Sunday, February 05, 2006

A Tale of Two Virus Warnings

The day before the BlackDoom worm attacked last Friday, I received two vulnerability warnings. One came from the university faculty, the other from department in which I work. Here's the one from the faculty (I've redacted the institution name):

Subject: Vulnerability notification

Good Evening,

We're writing to let you know that there is an email worm that is spreading and is very dangerous. If your computer is infected with this worm, it will delete files like Word documents from your computer on the 3rd of every month, beginning this Friday, February 3rd.

Computers that are running up-to-date antivirus software should catch this worm and prevent it from installing on your computer. [Our] version of McAfee Antivirus (available from the Computer Services website) updates automatically every day. However, we strongly encourage all faculty and staff members to take time today to check their antivirus software, make sure it is updated, and run an antivirus scan of their computer.

For more information about this worm, see

[link to slightly more information]

For assistance with your antivirus software:

[Our] faculty and staff: please contact the [Our] Help Desk at [phone number] or by email at [email address].

Students and residential affiliates: please contact the Student Help Desk at [phone number] or by email at [email address].

The good: The email contained a link to a page that contained a link to enough information to figure out what this was all about.

The bad:

And, here's the one from the department (Institution and department name both redacted):

Subject: Please read: Important Windows security information

Good morning,

Some of you may have seen the message from [Faculty] regarding a malicious Windows worm that is set to turn on tomorrow. ([Another faculty] may have sent something similar, as well) This infection is already present on thousands of un-protected Windows computers and is programmed to switch on tomorrow, Feb. 3rd. Once started, the worm will begin over-writing or erasing Word documents, PDF files, Excel files and several other file types on both the local drive _and any connected network share_.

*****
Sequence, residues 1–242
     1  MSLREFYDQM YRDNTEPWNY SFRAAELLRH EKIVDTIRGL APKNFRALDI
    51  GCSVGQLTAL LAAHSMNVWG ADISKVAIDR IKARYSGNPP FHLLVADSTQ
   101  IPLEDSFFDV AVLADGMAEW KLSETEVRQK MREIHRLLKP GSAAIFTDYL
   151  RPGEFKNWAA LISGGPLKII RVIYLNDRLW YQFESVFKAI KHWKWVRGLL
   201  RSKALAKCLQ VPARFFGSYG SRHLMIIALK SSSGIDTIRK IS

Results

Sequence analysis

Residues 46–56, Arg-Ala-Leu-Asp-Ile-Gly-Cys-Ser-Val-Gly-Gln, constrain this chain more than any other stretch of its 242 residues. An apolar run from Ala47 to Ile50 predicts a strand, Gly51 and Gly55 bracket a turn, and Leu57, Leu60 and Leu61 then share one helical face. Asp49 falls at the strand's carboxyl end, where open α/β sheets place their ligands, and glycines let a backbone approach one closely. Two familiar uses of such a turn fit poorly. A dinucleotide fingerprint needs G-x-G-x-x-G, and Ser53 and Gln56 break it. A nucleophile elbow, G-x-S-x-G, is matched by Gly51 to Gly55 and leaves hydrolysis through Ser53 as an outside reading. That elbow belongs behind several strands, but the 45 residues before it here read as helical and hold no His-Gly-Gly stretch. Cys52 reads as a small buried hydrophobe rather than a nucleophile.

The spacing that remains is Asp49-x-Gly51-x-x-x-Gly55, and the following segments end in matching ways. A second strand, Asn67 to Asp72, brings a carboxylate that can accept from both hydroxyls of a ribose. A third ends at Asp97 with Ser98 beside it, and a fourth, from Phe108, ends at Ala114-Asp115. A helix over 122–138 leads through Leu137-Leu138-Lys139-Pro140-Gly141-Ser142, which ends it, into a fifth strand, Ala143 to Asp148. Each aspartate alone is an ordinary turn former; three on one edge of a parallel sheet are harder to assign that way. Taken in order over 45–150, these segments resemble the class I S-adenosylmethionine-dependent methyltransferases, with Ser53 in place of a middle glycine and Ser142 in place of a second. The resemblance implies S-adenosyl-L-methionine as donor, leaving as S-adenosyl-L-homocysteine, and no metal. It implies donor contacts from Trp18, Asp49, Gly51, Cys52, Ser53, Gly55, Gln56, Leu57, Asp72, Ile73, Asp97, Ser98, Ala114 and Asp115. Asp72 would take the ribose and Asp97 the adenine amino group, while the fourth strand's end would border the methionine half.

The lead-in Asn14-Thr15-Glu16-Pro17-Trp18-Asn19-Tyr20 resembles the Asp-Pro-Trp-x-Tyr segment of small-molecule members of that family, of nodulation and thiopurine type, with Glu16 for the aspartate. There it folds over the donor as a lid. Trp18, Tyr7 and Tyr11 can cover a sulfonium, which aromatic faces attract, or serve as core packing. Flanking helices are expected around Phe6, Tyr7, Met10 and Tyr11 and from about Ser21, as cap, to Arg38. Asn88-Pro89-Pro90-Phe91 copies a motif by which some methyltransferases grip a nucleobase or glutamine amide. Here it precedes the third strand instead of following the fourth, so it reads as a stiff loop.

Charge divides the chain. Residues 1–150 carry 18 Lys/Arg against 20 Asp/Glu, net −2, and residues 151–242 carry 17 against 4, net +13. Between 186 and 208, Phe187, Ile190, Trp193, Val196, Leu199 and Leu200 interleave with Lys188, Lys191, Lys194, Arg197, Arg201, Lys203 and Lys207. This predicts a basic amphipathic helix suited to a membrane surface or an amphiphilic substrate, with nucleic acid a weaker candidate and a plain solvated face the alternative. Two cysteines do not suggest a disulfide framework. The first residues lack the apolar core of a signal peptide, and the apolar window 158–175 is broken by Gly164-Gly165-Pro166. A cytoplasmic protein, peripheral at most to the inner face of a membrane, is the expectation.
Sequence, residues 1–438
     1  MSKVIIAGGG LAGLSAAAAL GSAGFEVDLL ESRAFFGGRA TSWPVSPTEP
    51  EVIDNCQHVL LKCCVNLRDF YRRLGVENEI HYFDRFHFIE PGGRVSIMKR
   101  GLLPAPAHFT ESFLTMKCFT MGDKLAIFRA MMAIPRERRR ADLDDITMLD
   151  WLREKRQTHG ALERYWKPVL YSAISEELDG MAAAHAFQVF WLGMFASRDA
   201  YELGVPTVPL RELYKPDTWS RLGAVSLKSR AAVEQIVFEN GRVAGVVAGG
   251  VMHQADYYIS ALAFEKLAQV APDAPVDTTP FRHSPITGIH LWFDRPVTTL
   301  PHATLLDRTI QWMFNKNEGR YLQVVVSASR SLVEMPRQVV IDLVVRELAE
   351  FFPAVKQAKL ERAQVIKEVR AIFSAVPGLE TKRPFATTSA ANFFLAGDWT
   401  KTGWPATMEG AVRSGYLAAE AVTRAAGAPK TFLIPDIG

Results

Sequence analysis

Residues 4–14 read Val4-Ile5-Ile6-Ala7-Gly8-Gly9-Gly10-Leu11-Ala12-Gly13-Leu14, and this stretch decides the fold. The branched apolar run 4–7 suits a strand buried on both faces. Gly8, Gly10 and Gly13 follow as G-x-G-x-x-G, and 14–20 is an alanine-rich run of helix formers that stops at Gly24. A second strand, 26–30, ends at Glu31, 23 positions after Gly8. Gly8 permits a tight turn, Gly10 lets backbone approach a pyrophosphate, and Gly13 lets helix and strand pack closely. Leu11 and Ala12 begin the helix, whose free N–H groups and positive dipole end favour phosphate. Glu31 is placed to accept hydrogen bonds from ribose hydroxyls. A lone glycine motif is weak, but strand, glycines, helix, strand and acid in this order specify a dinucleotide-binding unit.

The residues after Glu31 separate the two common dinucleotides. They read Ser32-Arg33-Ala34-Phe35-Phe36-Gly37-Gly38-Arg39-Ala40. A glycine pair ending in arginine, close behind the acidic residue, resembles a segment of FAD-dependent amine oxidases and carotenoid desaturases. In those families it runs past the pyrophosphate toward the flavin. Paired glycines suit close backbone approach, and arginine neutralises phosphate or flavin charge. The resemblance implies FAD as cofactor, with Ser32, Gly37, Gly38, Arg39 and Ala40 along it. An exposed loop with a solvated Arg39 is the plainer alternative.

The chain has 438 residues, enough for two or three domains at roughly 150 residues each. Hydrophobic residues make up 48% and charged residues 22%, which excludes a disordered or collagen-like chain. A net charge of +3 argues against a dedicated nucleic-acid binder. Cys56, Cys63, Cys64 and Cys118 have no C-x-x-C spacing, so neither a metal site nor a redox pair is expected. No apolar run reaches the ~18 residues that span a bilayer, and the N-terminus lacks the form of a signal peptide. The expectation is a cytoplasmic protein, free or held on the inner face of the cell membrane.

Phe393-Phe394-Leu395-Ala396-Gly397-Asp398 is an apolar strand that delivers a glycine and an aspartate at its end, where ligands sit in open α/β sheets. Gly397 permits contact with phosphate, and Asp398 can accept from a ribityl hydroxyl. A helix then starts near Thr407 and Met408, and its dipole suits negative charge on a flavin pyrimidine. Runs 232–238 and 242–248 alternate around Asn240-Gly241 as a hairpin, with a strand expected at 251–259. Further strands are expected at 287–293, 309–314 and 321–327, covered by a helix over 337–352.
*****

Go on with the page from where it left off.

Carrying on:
There is some debate over how wide-spread this threat will actually turn out to be, but there is one inescapable agreement: If you have it on an unprotected machine, it will attempt to destroy data and spread itself. Please consider this ounce of prevention, as the pound of cure is much more expensive.

I urge faculty, undergrad and research users (as well laptop users, home PC users) who are using Windows to make certain they are running anti-virus software on their machines and that it is set to update automatically. Current anti-virus definition should stop and remove this worm when found.
[Faculty] provides McAfee VirusScan on its computing site:
[Download website] (Listed as 'VirusScan')

[Department] administrative staff computers as well as machines in the grad student commons (1st & 2nd year) are under strict control and users of those machines do not need to take any additional steps today. We will be surveying them behind the scenes and possibly by visiting your desk. You are, however, reminded that your personal laptop or home machine could be infected and you should take all necessary steps to insure that your personal machine is protected, especially if you intend to interface with [Institution]'s network in any way (Dial-up, VPN, etc.).

* Machines found to be attempting to spread this (or any other) threat may be disconnected from the network by [Faculty] without warning.

* This virus has no bearing on MacOS/OSX and Linux users (except those rare users who use Windows emulation software such as VirtualPC or VMware - please insure your virtual Windows machine, if you use one, is running anti-virus software).

* If your Windows workstation was provided by us and requires you to log onto the [Department] domain (you have a Z:\ drive) and you do not have administrative privileges, then [Department] Computer Services is responsible for this machine. All other machines are the responsibility of their owner.

* If you are interested in learning more about this worm (which goes by various names - KamaSutra, Blackworm, Nyxem-D and W32.blackmail.e) visit:

* If you are concerned that you may have this worm or think you may have recently opened a suspicious attachment, I will be providing CD containing F-Secure's F-Force utility (and latest updates file) which you can use to help clean the infection from your machine. I will leave several copies at the reception desk at [Building and Room number]. Please view the "readme" file on the CD for instructions on running it.

[Sender's Name]
Systems Administrator - [Institution] [Department]
[email address]

Notice how much more information was given. The email was written in a much calmer, less alarmist tone, which is uncommon for virus hoaxes, making it more believable. It also specifies all the information a user would need to know to determine whether his/her machine was vulnerable, and what to do to ensure it wasn't. This is a good example of how to write a real virus warning.

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